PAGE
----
Apple did not invent the iPod playlist

It looks like the fruity cargo cult Apple is not doing that well when it comes to its innovation standing the test of a patent court.

According to Bloomberg,  a US court has decided that Jobs’ Mob did not invent the playlist and has told Steve Jobs to write a cheque for more than $8 million to the real inventor.

The patents were owned by Personal Audio, however Apple insisted that the patents were not valid as Steve had invented everything useful in the world, from the wheel to the iPad.

Unfortunately Apple was arguing this in the Eastern district of Texas which is a haven for those of a slightly trollish bent, as its juries tend to rule in favour of the patent holder.

Personal Audio is Texas-based and happens to make its cash from licensing its intellectual property to companies like Apple.

This one has been going since 2009, when the firm filed suit against Apple, Sirius XM Radio, Archos, and Coby Electronics for violating two of its patents.

The patents generally cover downloadable playlists on a device, allowing the user to skip around using the device’s controls.

There is some confusion because the patent appears to have been awarded in 2006 and Apple’s original iPod first made its public debut in the fall of 2001, and the playlists were “downloaded” from a user’s computer.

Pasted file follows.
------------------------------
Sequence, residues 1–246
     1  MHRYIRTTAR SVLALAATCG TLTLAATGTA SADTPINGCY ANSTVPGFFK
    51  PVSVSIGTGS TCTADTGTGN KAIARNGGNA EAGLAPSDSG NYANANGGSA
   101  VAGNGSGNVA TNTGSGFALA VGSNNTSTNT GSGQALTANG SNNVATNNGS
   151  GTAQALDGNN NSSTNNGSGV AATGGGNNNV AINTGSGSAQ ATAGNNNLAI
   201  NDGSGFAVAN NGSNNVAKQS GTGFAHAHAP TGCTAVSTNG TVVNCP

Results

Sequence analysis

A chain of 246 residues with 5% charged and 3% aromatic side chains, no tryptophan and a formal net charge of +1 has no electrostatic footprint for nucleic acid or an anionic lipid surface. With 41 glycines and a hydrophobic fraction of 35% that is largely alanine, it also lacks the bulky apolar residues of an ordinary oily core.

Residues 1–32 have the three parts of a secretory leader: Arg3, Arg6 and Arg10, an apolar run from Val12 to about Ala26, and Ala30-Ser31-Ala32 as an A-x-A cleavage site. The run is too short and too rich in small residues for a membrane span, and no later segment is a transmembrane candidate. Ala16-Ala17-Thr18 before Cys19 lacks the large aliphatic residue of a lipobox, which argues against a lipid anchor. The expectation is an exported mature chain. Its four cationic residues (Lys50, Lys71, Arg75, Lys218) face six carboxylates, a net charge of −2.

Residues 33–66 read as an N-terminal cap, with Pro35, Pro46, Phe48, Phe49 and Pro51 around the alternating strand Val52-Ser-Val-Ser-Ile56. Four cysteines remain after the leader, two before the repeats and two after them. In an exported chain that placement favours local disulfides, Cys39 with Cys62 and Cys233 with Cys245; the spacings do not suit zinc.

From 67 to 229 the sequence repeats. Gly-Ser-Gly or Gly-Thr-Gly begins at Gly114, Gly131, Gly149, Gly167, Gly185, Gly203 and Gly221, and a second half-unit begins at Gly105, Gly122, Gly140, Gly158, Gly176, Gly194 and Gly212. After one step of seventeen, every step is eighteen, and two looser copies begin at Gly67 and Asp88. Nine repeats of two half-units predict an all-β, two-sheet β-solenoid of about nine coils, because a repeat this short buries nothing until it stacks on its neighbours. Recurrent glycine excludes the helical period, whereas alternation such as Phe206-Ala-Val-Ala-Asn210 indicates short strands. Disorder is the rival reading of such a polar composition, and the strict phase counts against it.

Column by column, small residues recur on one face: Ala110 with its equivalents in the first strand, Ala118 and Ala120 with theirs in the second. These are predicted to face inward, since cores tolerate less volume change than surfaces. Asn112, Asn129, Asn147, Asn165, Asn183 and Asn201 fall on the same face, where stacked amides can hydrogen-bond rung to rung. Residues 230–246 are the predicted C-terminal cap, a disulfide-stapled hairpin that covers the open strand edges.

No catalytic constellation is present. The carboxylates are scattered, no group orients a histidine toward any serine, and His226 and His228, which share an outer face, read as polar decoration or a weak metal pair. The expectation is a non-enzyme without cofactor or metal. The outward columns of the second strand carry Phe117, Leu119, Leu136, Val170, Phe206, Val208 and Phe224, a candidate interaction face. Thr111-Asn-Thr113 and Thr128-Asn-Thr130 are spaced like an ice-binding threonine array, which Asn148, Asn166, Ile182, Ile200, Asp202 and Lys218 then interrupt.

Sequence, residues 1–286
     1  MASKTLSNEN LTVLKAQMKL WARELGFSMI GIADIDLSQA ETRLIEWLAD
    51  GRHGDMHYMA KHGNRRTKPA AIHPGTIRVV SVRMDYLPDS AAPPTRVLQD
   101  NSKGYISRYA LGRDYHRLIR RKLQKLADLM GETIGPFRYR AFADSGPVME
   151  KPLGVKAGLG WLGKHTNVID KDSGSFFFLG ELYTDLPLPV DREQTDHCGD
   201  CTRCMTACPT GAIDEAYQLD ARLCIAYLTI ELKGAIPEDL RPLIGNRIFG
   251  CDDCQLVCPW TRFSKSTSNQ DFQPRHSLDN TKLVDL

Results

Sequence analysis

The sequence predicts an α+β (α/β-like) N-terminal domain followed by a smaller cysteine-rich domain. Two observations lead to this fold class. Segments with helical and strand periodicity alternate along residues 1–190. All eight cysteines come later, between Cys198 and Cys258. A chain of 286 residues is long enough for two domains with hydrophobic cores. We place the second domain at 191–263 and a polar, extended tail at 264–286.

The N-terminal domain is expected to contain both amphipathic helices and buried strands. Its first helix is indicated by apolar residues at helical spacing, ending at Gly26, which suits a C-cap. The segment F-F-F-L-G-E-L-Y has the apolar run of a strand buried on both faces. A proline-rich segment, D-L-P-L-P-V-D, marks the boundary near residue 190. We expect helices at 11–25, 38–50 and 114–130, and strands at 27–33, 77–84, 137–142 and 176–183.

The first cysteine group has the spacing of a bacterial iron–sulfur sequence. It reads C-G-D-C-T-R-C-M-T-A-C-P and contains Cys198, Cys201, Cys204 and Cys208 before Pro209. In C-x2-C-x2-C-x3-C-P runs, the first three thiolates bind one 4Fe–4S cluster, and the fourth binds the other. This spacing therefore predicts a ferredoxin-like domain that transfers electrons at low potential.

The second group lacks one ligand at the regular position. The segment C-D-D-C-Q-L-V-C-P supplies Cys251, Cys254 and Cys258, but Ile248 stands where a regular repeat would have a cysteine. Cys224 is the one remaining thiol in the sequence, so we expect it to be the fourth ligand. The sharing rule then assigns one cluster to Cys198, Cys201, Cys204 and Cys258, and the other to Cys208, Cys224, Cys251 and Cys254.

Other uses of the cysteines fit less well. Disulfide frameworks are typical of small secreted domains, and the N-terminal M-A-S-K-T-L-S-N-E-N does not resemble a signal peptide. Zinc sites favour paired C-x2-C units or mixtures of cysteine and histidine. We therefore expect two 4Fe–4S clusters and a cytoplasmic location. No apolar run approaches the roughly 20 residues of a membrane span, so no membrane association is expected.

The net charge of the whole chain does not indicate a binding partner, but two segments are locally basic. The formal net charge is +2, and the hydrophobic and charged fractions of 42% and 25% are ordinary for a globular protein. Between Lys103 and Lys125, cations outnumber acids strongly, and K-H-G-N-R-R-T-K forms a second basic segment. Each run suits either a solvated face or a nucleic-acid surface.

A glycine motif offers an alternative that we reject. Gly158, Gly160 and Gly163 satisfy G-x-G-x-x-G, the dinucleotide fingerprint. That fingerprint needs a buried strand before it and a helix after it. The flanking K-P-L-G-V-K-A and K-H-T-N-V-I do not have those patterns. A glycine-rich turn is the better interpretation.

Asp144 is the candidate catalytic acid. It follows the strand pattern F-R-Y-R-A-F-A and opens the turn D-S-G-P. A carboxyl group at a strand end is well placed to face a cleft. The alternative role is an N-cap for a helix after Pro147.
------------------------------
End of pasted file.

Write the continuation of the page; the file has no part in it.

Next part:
Nevertheless Personal Audio’s original complaint claimed that Apple has been violating the patents ever since, with the introduction of every new iPod or iPhone, and the patent firm originally wanted $84 million.

In mid-2010, Sirius XM Radio, Archos, and Coby Electronics settled and it looked the right thing to do.

There were some things that Jobs’ Mob did that did not amuse the Judge. Three weeks before the decision, Apple slapped more than 6,300 pages of documentation showing that it had developed the iPod’s playlist system on its own.

The Judge was furious by the late filing and walloped Apple with a $10,000 fine. It is probably just as well Apple did that because the documentation may have provided the court with mitagating circumstances.

It was these that brought the infringement penalties down to a tenth of what Personal Audio asked.

So far there has been no word if Apple is going to appeal the case.